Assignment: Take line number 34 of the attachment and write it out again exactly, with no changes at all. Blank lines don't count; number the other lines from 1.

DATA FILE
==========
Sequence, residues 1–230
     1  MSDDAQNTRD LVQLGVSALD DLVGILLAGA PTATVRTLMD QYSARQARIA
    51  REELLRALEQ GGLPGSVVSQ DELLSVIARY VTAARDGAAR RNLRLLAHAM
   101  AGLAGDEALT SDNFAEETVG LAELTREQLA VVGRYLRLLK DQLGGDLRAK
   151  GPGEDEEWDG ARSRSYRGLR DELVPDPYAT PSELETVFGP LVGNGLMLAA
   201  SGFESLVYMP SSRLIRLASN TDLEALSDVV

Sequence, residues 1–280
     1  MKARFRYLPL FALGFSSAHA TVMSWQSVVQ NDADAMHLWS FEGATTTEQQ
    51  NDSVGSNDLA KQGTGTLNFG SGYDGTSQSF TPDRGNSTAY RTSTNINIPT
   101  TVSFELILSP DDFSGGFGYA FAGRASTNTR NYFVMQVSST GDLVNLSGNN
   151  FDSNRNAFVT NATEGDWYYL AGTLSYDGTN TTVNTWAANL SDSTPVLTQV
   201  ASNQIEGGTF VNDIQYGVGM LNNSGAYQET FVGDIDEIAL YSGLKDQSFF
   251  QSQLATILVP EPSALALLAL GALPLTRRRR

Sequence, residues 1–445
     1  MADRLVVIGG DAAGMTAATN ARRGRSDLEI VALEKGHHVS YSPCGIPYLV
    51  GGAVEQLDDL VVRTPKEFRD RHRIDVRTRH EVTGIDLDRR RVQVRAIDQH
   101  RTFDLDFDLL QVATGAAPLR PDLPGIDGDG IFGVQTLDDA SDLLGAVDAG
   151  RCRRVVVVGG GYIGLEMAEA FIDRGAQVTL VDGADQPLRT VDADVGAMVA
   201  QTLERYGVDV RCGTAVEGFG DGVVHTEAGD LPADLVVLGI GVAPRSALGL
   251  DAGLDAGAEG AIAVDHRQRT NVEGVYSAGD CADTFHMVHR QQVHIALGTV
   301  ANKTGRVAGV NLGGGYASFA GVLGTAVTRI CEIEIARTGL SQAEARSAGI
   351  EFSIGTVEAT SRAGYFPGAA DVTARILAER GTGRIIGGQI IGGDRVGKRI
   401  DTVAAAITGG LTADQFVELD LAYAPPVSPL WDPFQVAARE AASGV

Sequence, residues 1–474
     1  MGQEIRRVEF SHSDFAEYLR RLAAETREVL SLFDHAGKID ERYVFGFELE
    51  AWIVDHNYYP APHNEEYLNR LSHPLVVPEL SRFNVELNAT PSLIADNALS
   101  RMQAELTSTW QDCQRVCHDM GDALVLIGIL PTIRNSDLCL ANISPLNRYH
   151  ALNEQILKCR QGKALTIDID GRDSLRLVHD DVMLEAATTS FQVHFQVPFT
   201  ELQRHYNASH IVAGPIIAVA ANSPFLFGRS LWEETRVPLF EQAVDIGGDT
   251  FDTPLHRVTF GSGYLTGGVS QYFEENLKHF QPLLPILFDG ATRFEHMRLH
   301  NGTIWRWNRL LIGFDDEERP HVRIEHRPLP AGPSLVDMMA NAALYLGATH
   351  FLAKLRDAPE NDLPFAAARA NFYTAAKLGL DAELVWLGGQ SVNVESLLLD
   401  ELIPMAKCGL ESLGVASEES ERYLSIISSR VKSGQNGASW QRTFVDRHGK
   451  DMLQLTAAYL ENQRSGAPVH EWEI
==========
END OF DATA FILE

   451  DMLQLTAAYL ENQRSGAPVH EWEI